Ridiculous and a waste of time: More problems after temporary Bilsdale mast was turned on – Teesside Live

The end to TV and radio disruptions for thousands of households across the region should be coming to a close, or so we thought.

People in Teesside, North Yorkshire, and County Durham have been affected by a fire that destroyed the Bilsdale mast on August 10 – frazzling Freeview and radio channels for thousands.

An update, by owner Arqiva, said the new, temporary mast had been switched on and TV services would be restored to roughly 95% of households across the region.

Read more: Go here for the latest breaking news from across Teesside

The switch on of the 80-metre mast has followed extensive testing and means that people will now need to retune their TV sets, a guide on how to do this can be found here.

But there have been further problems since the switch-on, with some Teessiders reporting it had made the situation no better, and sometimes worse.

“Ours has only picked up a few channels, the only two I watch unfortunately haven’t been restored,” posted one woman on Facebook.

While another resident, living in TS20, added: “Still no TV for us.”

A TS3 man said: “What a joke, waste of time. Not one channel, sick of retuning, but still want you to pay for TV licence.”

Meanwhile, another added: “Retuned and no signal at all in TS8.”

Work underway in September to repair the communications mast at Bilsdale, weeks after it was damaged by file leaving thousands without TV
Work underway in September to repair the communications mast at Bilsdale, weeks after it was damaged by file leaving thousands without TV
(Image: Teesside Live)

Another woman said: “Nothing at all in TS13, been in touch with Freeview Advice all afternoon and everything they advised didn’t work!”

And another woman added: “We’re TS3, only got six channels, getting ridiculous now.”

Others said they have even lost channels – with one woman stating: “I had mine the whole time now today, nothing.”

Another said: “I don’t have any channels at all, I’m sick of retuning.”

Although the switch on was meant to be positive news for many, not everyone is covered and there are more details on help for people in the so-called “not-spot” areas, where TV services will still be affected. It has been estimated that 23,000 homes fall into this category.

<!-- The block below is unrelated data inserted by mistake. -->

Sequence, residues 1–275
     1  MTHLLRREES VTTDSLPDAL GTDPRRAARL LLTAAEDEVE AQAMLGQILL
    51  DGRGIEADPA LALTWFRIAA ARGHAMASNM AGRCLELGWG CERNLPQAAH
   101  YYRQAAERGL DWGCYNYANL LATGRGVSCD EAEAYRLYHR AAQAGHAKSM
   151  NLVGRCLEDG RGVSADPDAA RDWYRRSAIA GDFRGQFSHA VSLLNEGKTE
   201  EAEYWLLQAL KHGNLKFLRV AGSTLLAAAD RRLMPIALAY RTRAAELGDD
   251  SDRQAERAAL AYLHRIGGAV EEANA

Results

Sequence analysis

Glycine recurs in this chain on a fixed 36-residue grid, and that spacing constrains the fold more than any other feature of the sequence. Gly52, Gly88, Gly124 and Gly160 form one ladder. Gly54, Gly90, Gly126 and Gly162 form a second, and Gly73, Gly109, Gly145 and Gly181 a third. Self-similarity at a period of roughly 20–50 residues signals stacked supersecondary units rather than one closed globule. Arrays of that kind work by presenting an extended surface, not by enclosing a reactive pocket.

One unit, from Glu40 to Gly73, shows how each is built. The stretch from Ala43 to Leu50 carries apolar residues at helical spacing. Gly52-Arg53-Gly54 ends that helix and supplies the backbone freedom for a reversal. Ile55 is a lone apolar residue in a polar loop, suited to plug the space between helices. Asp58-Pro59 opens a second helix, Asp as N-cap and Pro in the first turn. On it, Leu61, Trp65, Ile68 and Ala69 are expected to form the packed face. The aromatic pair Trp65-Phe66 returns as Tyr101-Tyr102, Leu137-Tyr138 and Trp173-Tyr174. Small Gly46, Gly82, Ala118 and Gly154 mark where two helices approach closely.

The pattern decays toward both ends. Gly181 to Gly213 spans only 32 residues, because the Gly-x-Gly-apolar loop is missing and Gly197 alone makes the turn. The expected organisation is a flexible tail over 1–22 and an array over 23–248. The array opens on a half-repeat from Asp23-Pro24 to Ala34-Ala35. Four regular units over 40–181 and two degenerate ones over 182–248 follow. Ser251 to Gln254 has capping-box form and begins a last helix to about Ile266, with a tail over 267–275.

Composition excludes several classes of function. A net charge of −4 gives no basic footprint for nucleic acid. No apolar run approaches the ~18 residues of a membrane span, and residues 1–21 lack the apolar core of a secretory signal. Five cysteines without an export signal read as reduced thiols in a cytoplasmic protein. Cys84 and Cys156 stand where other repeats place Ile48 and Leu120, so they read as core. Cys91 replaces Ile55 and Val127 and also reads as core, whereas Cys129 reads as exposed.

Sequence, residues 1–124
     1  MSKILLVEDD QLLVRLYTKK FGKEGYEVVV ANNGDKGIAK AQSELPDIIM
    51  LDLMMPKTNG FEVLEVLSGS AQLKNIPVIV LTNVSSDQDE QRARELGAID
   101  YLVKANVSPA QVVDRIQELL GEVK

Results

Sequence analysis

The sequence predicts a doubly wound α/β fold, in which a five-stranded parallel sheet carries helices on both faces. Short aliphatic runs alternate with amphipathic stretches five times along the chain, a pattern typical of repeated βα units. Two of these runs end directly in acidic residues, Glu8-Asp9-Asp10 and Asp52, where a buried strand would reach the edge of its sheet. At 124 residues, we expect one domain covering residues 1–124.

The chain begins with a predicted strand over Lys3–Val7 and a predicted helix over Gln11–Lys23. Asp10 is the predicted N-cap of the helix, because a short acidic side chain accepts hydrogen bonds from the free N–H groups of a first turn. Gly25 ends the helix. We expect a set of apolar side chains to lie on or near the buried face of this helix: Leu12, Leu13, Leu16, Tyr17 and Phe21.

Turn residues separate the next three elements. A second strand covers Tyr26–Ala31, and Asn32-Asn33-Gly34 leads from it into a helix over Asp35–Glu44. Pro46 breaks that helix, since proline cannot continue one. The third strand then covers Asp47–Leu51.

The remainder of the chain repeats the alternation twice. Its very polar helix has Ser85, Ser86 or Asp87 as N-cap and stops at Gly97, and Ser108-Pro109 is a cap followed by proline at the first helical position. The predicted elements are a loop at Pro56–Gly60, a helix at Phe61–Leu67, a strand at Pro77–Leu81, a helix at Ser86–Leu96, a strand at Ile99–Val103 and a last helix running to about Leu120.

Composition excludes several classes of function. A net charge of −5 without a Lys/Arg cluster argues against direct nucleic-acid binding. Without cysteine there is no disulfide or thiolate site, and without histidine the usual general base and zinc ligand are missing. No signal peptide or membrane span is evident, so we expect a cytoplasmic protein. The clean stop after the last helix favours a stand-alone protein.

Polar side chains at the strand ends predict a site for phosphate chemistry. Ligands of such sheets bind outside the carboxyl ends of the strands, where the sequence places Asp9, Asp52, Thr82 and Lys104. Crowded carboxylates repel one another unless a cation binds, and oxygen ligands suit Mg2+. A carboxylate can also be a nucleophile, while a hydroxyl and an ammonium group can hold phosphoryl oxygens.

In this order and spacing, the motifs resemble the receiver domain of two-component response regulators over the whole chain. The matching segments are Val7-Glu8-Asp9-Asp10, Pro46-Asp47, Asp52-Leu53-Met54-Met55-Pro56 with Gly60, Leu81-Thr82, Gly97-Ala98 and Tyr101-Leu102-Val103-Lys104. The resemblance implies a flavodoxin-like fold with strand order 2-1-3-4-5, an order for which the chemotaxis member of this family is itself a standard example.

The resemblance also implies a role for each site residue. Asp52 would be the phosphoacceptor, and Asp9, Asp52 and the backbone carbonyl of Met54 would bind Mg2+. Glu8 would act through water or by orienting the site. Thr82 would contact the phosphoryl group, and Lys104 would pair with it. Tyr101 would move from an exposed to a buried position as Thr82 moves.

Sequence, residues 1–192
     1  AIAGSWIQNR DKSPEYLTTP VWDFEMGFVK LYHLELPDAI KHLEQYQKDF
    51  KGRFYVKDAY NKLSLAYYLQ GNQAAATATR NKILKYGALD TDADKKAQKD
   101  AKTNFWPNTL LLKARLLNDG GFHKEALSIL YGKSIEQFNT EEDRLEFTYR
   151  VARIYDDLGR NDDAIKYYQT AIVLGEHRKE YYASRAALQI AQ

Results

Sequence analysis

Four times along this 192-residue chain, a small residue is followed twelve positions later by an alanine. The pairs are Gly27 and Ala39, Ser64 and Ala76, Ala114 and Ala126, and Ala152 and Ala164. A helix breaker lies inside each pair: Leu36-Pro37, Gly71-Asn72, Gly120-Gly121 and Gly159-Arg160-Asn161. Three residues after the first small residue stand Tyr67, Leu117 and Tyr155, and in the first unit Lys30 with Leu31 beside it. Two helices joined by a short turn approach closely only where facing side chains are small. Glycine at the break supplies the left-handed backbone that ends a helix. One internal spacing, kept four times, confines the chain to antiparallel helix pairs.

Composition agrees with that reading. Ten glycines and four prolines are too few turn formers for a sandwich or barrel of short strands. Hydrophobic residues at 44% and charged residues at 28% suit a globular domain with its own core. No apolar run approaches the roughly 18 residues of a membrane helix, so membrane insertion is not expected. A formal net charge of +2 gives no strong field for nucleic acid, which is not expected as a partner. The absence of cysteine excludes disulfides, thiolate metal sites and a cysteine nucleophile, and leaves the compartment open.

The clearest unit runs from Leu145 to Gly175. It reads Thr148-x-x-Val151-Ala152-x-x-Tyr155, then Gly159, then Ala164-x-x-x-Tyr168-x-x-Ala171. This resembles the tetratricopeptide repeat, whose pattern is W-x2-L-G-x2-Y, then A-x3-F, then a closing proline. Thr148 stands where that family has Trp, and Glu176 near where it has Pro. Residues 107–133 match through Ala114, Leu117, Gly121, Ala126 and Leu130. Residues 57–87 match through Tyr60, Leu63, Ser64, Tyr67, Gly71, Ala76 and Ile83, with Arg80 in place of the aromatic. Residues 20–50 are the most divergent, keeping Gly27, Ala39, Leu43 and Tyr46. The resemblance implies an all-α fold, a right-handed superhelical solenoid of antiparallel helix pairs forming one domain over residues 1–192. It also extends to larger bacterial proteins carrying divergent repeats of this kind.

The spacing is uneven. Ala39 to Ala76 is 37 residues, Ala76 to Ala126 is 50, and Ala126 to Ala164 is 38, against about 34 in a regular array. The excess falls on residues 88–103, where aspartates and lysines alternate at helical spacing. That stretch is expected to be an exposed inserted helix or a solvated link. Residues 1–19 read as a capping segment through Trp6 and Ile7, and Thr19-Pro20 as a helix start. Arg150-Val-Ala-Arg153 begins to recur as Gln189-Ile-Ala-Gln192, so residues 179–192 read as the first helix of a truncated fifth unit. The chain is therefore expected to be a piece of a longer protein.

Specific groups of affected people are being prioritised first, including those over 65, clinically vulnerable, and other vulnerable people with carers, and local charities are helping Arqiva reach them.

A freephone line is available for help to these groups – 0800 121 4828 – and engineers can be scheduled to visit homes of those affected.

Arqiva’s CEO, Paul Donovan said: “I want to pay tribute to the work and commitment of our teams working around the clock on the moor at Bilsdale to get this temporary mast finished quickly and safely.

“It is an important step in Project Restore to get services back across the region, but there is much more work to be done.

“We remain absolutely committed to supporting the most vulnerable people affected by the loss of TV services, and today we are setting out our latest steps to do just that, working with our partners.”

(L-R) Gavin Coleman, community development co-ordinator at Thirteen Group, Rosie Mowatt, head of communications at Arqiva, Helen Hunter, chief exec North Yorkshire & Darlington Age UK
(L-R) Gavin Coleman, community development co-ordinator at Thirteen Group, Rosie Mowatt, head of communications at Arqiva, Helen Hunter, chief exec North Yorkshire & Darlington Age UK
(Image: Recognition PR)

Residents living in the “not-spot” areas, where TV services are not restored by the switch on, will receive a voucher which can be redeemed in store and online, with details to follow.

The voucher value covers an alternative fix to be chosen from a range of products which provide ways to receive free to air TV, including an Amazon Fire TV Stick and Roku stick.

Letters will be sent out to homes on how to claim the vouchers.

There will also be an online form for those in priority categories to complete, and news of updates on the site.

Arqiva says it is working closely with local authorities, charities, and housing associations to find those affected and to provide information and support.

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